Base-Line Scenario: The assumption i s that the effects o f the closing o f the Bamako- Abidjan corridor will fade gradually during the third quarter o f 2003 and that economic activities will returnto their usual level by the end o f the year.
Downside Scenario: Even with a returnto a tenuous peace in C6te d’Ivoire, it i s possible that the crisis in C6te d’Ivoire will continue to have a negative impact throughout 2003 and beyond as it could take time to re-open the Bamako-Abidjan trade corridor and for the Ivoirian economy to regain momentum and positively impact neighboring economies such as Mali.
Base-Line Scenario. The macroeconomic framework presented inthe PRSP was
revised by the authorities late in2002 and the medium-termprojections were adjusted accordingly. The 2003 growth rate has beenrevised downward to -1.1 percent. Growth i s
expected to rebound in 2004 (see Annex l)and to average 3.5 percent a year over the
period 2003-05 as against 5.0 percent a year over the period 1994-2002. Potential sources o f this growth are expected to come from developing the industrial sector, especially for textiles and agribusinesses, from diversifying the agricultural export base into fruits, vegetables and Arabic gum, from expanding mining, from developing the tourism and handicrafts industries, and from promoting small and medium-sized enterprises in services. Inflationi s estimated to
average 3.0 percent over the period 2003-05, and the external current account deficit (excluding official transfers) to narrow from an average 11percent o f GDP over 2000-02 to seven percent over 2003-05.
Underpinningthe projections for growth i s the assumption that M a l i will be able to
attract foreign savings, including private capital, to supplement domestic saving. Gross
domestic saving would remain at a historically highlevel over the next few years, partly as a result o f higher government saving, and average about 14 percent o f GDP a year over the next 3-6 years. However, this growth rate will be insufficient to finance total domestic investment, which i s projected to average about 22 percent o f GDP a year. Hence, M a l i will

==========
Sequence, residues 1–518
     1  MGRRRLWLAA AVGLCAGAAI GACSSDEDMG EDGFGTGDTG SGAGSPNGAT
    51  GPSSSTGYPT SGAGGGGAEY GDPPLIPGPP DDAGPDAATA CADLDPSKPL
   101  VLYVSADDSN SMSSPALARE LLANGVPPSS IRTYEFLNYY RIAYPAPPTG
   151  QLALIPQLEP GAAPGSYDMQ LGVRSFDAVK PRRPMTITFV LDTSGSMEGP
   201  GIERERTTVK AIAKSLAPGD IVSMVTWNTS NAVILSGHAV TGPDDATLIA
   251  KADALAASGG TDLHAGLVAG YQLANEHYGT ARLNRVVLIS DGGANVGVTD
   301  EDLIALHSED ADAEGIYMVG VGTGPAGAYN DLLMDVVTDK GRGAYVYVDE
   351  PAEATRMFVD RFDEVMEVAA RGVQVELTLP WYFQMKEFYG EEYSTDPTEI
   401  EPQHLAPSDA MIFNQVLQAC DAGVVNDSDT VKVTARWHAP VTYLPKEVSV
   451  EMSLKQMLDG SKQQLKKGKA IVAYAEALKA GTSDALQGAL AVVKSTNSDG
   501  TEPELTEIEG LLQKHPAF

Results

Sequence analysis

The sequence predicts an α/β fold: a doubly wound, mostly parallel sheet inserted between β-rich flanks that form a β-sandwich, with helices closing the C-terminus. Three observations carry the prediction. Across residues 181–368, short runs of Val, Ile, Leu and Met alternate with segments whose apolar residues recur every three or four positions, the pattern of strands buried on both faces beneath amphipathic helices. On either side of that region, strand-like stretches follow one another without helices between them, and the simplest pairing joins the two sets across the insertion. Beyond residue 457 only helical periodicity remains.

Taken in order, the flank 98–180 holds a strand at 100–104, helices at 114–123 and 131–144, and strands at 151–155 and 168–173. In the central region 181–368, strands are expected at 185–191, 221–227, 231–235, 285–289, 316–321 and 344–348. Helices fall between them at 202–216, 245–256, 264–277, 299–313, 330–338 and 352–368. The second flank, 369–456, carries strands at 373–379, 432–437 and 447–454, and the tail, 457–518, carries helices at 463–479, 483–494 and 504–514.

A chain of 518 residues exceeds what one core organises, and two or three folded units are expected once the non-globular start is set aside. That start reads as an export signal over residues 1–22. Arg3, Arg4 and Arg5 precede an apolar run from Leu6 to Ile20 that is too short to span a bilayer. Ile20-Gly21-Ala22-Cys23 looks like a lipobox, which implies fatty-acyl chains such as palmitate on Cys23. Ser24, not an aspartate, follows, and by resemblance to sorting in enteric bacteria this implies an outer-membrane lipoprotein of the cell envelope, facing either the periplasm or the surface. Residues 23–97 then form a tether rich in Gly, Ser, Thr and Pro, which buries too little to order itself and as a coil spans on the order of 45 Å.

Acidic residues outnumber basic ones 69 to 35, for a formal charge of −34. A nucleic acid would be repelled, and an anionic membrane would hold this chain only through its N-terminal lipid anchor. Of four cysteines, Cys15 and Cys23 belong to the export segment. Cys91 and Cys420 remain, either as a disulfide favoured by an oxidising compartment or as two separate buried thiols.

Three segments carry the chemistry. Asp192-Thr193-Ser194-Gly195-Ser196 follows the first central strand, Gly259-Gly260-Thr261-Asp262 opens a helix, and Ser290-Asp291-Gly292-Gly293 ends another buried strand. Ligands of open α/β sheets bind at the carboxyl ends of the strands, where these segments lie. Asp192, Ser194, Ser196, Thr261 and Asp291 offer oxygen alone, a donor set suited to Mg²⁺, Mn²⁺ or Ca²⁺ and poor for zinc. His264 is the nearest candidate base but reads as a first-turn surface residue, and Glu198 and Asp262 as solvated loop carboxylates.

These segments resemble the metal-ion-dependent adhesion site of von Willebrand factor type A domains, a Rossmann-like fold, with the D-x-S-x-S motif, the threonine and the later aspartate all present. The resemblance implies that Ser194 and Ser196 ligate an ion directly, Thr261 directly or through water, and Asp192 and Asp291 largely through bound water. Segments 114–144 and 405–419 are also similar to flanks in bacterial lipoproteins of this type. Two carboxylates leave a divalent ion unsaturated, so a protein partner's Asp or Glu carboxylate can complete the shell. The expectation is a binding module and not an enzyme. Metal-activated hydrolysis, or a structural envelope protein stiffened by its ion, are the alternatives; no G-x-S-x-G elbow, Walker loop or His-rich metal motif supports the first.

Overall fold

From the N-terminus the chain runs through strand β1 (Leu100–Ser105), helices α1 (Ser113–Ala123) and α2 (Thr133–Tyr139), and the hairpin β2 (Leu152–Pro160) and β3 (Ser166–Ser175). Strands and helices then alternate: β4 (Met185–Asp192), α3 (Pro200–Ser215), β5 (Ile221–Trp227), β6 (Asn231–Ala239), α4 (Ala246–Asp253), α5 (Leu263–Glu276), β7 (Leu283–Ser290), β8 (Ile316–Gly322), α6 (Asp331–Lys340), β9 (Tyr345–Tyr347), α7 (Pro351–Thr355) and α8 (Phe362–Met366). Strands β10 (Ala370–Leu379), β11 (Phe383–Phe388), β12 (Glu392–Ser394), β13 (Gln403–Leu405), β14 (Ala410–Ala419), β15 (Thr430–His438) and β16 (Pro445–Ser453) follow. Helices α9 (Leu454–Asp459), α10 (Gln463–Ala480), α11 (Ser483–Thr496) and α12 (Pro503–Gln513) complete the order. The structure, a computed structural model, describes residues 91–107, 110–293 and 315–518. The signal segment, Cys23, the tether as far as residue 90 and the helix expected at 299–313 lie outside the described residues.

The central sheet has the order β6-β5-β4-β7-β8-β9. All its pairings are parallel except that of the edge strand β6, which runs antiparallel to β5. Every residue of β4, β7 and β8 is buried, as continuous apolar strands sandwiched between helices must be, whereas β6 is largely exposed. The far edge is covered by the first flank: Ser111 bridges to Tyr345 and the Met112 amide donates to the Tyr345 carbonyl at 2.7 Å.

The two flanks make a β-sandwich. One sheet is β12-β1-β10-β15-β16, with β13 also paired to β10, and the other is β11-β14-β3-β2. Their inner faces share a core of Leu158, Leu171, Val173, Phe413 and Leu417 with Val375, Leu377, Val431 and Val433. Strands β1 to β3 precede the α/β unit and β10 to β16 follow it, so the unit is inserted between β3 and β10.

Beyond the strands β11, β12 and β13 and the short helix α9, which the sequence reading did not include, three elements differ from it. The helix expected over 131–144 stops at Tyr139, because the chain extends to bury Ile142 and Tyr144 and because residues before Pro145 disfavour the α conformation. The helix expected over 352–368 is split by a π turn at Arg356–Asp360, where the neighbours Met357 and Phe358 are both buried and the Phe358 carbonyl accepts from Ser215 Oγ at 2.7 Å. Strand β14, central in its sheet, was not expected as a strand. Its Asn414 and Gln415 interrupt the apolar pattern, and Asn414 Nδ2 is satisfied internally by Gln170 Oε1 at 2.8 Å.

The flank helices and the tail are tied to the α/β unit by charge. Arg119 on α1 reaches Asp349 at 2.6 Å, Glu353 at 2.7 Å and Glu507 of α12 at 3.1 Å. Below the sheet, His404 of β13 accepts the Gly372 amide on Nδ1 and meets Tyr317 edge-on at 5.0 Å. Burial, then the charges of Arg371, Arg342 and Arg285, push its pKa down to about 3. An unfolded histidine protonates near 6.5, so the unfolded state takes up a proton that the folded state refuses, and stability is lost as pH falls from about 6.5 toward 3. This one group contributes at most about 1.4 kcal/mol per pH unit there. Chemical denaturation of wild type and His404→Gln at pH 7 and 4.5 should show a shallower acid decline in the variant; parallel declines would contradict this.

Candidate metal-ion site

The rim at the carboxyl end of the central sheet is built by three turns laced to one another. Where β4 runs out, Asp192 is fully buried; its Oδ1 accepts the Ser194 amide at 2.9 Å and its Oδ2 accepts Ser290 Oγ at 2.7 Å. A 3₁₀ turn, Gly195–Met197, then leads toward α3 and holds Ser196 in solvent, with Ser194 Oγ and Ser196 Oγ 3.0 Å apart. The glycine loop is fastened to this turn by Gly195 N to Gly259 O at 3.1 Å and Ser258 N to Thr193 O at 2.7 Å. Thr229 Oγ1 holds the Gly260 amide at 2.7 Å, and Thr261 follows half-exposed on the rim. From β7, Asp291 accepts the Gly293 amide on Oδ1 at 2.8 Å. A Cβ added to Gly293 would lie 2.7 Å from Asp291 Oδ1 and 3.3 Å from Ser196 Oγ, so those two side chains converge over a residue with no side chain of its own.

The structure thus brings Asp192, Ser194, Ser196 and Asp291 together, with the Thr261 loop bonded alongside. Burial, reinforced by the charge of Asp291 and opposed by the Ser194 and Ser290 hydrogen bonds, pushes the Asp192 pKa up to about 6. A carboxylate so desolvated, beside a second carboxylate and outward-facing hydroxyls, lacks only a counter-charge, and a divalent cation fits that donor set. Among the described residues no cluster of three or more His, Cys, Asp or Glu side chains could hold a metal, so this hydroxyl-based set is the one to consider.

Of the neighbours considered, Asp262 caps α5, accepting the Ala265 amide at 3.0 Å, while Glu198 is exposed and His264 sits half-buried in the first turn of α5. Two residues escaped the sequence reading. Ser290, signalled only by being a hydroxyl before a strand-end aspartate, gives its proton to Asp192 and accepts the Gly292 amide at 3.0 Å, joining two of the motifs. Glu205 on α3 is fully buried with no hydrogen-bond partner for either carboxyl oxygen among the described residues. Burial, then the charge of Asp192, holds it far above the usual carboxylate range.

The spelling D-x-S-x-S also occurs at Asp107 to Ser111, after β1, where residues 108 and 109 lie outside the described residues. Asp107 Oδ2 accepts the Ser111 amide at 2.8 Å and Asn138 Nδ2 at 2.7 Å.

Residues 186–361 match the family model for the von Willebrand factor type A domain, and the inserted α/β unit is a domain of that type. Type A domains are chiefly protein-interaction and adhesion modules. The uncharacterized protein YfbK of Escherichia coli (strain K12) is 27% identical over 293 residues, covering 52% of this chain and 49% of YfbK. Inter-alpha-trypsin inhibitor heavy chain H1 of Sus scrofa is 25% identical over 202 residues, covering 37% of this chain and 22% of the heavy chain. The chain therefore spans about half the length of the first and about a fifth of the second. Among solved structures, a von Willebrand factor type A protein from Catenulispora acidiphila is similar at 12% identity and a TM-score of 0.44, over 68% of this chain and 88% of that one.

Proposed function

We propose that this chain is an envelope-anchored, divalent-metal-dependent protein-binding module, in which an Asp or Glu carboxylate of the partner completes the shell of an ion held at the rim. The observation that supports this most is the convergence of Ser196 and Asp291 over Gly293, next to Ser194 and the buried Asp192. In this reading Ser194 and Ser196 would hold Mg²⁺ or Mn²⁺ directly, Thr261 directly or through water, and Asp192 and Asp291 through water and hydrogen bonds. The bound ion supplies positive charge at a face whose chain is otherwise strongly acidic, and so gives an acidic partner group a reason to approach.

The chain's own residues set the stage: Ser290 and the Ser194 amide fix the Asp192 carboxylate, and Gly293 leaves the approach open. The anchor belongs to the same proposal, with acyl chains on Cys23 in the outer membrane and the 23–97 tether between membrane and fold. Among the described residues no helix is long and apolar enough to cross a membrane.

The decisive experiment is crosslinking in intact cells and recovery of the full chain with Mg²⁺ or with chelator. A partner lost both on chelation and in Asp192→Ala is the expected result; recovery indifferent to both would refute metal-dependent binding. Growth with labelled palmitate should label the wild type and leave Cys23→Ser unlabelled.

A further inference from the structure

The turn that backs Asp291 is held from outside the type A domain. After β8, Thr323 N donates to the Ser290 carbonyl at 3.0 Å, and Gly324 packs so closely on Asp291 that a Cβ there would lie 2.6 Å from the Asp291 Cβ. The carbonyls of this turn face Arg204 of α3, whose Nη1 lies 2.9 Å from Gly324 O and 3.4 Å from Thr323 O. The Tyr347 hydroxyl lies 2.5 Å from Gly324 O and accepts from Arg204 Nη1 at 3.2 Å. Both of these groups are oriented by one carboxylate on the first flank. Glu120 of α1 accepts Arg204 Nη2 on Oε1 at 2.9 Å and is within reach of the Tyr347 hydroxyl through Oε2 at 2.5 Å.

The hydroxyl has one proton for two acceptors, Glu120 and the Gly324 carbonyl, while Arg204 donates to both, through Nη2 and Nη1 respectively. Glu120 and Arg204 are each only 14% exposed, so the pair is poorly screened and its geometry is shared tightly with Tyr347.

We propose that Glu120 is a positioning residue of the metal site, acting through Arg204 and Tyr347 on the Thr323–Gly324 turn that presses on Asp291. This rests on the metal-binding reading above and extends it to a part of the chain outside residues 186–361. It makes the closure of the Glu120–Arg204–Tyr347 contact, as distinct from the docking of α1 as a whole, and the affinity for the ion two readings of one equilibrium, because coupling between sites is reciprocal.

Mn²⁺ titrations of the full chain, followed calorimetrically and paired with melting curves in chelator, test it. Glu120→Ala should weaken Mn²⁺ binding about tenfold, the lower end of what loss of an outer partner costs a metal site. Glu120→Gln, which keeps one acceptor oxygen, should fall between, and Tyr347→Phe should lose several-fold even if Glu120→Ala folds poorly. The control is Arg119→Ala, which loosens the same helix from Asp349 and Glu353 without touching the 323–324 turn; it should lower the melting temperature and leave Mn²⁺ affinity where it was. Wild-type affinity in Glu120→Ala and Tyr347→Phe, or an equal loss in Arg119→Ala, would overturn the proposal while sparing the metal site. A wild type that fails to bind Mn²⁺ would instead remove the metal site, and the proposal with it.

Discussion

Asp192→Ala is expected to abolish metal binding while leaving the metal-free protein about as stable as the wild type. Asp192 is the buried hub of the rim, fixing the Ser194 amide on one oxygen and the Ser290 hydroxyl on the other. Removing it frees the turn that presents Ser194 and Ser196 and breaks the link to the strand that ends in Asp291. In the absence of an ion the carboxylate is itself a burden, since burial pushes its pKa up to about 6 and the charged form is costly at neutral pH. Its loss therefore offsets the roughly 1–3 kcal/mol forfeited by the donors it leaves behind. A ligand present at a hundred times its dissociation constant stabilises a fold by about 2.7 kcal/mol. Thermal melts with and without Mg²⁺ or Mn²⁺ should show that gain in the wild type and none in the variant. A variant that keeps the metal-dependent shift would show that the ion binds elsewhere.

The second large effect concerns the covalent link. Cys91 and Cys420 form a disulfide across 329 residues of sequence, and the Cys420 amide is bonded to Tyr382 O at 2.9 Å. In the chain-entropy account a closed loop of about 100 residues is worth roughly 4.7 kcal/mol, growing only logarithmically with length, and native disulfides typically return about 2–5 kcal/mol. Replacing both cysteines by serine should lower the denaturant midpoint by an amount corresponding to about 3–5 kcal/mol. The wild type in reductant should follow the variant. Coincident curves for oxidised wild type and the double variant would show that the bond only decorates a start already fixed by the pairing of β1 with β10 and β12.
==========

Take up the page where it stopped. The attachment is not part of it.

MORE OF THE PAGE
s t i l l needto continue to attract a high level o f foreign investment, with annual net foreign private capital inflows continuing to amount to about 2% percent o f GDP.
Fiscal policy reflects the poverty reduction targets that the G o M definedinthe PRSP.
This policy aims at increasingpoverty-reducing expenditures while lowering the basic fiscal deficit. Inorder to keep overall government spendingat about 27% o f GDP, the authorities intendto increase total government revenue by 1.8 percentage points o f GDP to 19.0% in 2003, with tax revenuerising by 1.6 percentage points o f GDP to 15.8%. About one-third o f the improvement i s expected to be due to a recovery intax receipts once the crisis in C6te d’Ivoire has ended. Inaddition, the G o M will seek to broaden the tax base by rationalizing the tax system, simplifying it for smaller enterprises, and increasing the efficiency o f the tax administration. To reduce shortfalls inthe mobilization o f domestic resources, the G o M will ensure the strict application o f laws and regulations governing the granting o f tax exemptions
to businesses and, more generally, intensify anti-fraudefforts. The effectiveness o f the tax reforms implementedinrecent years will be assessedand additional measures will be identified to help raise the tax revenue-to-GDP ratio. Measures will also be introduced to improve the quality o f macroeconomic accounting and analysis. Nevertheless, under this scenario, the G o M will need additional assistance in calendar year 2003 to support the implementation o f the PRSP program; the Bank could provide assistance through a